LEWISTON — Two Geiger parents are among what they say is a growing number of parents concerned or opposed about the Lewiston School Department's plans to send some elementary students to different schools.
Robert Strong said his two children, 4 and 7, don't want to leave their friends at Geiger. “One of my children takes a while to settle in,” Strong said.
Adilah Muhammad said her two children, 7 and 8, also don't want to leave their school.
Her oldest son overheard her talking about Lewiston's redistricting proposal for 234 students this fall.
“My son said, 'What do you mean I may have to go to a different school?' He has health concerns that has made his time here a little bit challenging. He's made significant gains,” Muhammad said, tearing up, worried her son will regress if sent to a different school.
Beginning Dec. 11, the Lewiston School Department Superintendent Bill Webster is hosting parent meetings at each elementary school to hear reaction to plans to redistrict 234 elementary students in the fall.
In the recommended plan, 44 students would be moved from Montello to Geiger; 87 students moved from Montello to McMahon; 92 students moved from Geiger to Montello; one student from Montello to Farwell; and 10 students moved from Farwell to Montello. No students would be moved to or from Longley Elementary.
Students in grades 4 to 6 and their siblings would be allowed to stay at their current schools, and transportation would be provided for two years, Webster said.
Redistricting is being proposed, Webster has said, to reduce class size in a city with growing student enrollment. There will be 10 classrooms at McMahon in the fall that need to be filled.
Also, the plan would begin to shape the schools' student enrollment to reflect the city's diverse populations, Webster has said.
Citywide, 67 percent of Lewiston elementary students are poorer, or qualify for free or reduced lunches, and 23 percent are learning to speak English, or are English language learning students. Some schools have disproportionate percentages of both sets, Webster has said.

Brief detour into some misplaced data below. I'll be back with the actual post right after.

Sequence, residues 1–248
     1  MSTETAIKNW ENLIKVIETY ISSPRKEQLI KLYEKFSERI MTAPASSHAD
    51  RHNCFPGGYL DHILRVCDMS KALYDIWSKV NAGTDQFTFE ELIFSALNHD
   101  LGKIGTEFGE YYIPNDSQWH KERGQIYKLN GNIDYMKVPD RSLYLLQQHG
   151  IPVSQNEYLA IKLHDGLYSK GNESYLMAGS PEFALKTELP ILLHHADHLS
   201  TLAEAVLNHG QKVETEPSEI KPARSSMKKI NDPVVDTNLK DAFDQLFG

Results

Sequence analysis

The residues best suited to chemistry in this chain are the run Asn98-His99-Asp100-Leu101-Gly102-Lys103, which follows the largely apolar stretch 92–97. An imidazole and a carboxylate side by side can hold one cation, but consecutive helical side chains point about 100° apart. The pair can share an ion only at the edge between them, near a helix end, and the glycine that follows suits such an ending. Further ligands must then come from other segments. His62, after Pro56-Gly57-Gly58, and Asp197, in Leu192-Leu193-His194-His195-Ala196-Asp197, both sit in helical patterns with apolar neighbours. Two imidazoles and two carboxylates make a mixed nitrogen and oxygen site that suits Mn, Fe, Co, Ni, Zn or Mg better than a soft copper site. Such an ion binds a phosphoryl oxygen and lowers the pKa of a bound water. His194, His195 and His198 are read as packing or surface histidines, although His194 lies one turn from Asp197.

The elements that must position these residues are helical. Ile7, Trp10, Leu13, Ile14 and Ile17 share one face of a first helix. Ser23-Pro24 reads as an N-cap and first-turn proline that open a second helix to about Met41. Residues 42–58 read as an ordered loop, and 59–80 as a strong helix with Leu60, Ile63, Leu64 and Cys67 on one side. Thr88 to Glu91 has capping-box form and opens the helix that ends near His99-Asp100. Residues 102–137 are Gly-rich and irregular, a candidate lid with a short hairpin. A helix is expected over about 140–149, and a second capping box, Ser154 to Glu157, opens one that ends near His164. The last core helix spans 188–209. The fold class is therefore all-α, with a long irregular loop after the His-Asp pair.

The Lewiston School Committee is expected to make a decision in February.
Strong said Friday he's concerned a plan was developed without fair parent representation. “If parents don't feel they're a part of it, we're headed for a collision in this conversation.”
The redistribution committee had parent representatives from two schools, Longley and Martel, but those schools won't be impacted by the fall redistricting plan. Meanwhile there was “zero” parent representation from the schools that will be affected, Strong said.
He also objected to parents getting notice of parent meetings on Dec. 4, one week before the first is scheduled. That's not enough notice for busy working parents, Strong said.
Muhammad complained that the purpose of redistricting “hasn't been clear and straightforward.” She questions what redistricting and moving low-income and ELL students would accomplish.
“There haven't been conversations about what will be the educational plans to focus resources and programs,” Muhammad said.
Strong added that the student demographic numbers don't add up. Schools being redistricted already have demographics close to the city averages, Strong said. The school that doesn't, Longley, would not be redistricted in the fall. That doesn't make sense, Strong said.
“Any conversation about equity and distribution can't take place without Longley. I've been hearing from a lot of parents and educators who find it very puzzling.”
Jodi Wolverton, president of McMahon Elementary Parent/Teachers Organization, said McMahon parents “feel blind-sided” because the redistricting committee didn't include parents from McMahon or Geiger.
The plan to balance the social-economic mix appears to be “a social experiment disguised as a redistricting,” Wolverton said. McMahon parents understand the school is growing and changing, but “deserve to be part of the process,” she said.